Post 3 of 6: Hardware – choosing your infrastructure

Okay, let’s talk hardware. Choosing the right hardware and technologies are essential for the success of your cloud. This post covers the fundamentals of hardware selection for your cloud – pointers to get your brain cells focused on specs vs. brands, compute resources vs. servers…you get the idea. With all this hardware you will eventually have the means of building your reference architecture – but that’s the next post in this series. For the sake of delivering workloads to anyone from anywhere based on expected levels of service, your focus should be on raw performance, efficiency (to include total operating cost, overhead, and management), integration, and scalability. One point to remember – the most expensive components won’t necessarily ensure you meet SLA’s or make for a faster/better cloud. Cost is often just as important as performance, if not more important, and should be considered just as any other critical criteria. Keep this in mind as you disagree with the forthcoming pointers J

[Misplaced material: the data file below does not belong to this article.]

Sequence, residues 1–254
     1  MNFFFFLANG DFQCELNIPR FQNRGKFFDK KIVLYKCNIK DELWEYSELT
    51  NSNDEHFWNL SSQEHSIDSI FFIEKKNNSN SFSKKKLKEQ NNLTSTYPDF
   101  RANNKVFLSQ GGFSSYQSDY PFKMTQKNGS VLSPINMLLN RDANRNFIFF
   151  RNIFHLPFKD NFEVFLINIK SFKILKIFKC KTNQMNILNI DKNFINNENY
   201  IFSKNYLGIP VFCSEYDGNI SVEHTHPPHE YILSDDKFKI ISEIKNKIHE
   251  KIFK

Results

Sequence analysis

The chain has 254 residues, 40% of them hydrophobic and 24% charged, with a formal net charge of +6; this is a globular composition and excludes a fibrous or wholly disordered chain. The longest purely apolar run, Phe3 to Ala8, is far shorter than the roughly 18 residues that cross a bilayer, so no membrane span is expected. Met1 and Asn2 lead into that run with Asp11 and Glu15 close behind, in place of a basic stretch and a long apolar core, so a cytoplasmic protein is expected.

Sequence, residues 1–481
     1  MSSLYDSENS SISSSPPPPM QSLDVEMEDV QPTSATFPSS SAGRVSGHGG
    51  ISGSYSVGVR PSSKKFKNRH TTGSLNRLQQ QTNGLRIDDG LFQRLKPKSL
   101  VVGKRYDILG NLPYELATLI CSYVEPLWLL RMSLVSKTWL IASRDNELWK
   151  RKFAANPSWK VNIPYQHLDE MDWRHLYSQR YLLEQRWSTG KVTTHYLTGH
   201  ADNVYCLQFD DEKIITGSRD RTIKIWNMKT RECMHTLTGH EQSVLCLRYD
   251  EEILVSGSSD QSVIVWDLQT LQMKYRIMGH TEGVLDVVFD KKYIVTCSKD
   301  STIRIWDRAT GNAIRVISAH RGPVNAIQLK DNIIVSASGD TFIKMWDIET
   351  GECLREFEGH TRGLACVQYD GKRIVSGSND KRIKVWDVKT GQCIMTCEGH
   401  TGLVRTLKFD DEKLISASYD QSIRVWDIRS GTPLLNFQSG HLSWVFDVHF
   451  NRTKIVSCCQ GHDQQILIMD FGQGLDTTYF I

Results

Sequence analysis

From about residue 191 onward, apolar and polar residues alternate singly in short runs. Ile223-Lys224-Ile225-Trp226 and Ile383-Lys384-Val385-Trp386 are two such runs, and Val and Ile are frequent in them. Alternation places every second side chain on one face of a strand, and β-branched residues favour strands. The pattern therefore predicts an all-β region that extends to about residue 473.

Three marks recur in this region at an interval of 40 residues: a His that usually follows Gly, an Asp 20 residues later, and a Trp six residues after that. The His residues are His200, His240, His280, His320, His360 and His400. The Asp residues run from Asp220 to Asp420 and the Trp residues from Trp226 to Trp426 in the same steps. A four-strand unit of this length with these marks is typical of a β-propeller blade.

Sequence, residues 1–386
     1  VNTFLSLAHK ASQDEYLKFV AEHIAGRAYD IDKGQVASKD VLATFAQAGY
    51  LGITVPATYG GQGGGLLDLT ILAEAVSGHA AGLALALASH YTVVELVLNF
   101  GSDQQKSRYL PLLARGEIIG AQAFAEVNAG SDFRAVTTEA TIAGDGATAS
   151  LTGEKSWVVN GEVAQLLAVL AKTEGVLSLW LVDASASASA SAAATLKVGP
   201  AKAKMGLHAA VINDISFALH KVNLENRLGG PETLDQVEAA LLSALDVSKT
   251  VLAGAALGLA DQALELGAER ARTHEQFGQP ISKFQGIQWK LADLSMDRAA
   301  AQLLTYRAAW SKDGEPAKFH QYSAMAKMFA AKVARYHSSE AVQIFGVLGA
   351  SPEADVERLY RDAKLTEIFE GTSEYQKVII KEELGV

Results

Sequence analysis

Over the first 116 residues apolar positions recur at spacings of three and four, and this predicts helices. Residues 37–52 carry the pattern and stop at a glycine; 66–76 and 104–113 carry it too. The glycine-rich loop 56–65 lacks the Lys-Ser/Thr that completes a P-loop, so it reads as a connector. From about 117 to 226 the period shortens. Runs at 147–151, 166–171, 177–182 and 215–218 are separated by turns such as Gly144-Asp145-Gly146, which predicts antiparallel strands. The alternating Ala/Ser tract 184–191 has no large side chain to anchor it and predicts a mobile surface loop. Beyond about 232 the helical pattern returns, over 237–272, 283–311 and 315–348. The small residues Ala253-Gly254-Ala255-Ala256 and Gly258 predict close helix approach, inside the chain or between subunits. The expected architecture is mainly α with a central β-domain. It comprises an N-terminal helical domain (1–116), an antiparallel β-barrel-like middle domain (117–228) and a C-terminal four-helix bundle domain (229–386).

When I discuss hardware with my customers, I stick to performance levels and expectations, varying levels of integration, and the technologies that will tie the infrastructure all together. Choosing the right hardware doesn’t mean use Dell for this and EMC for that (although it might)…it means selecting the hardware components that will ensure you meet SLA’s and fulfill your business criteria…period. It is understood that many enterprises have strategic relationships and have standardized on vendors for various components. There is definitely value in that – just as long as the strategic vendors can deliver on their end of the deal. From a virtualization perspective, your workloads expect resources. vSphere delivers resources – agnostically and heterogeneously – from the underlying hardware. Give me network, compute, and storage, and we’ll deliver the appropriate resources to meet SLA’s. With that said, before you log in to to order the components needed to build the greatest whitebox hypervisor host for use in your private cloud, please take a moment to review the Hardware Compatibility List. Moving on…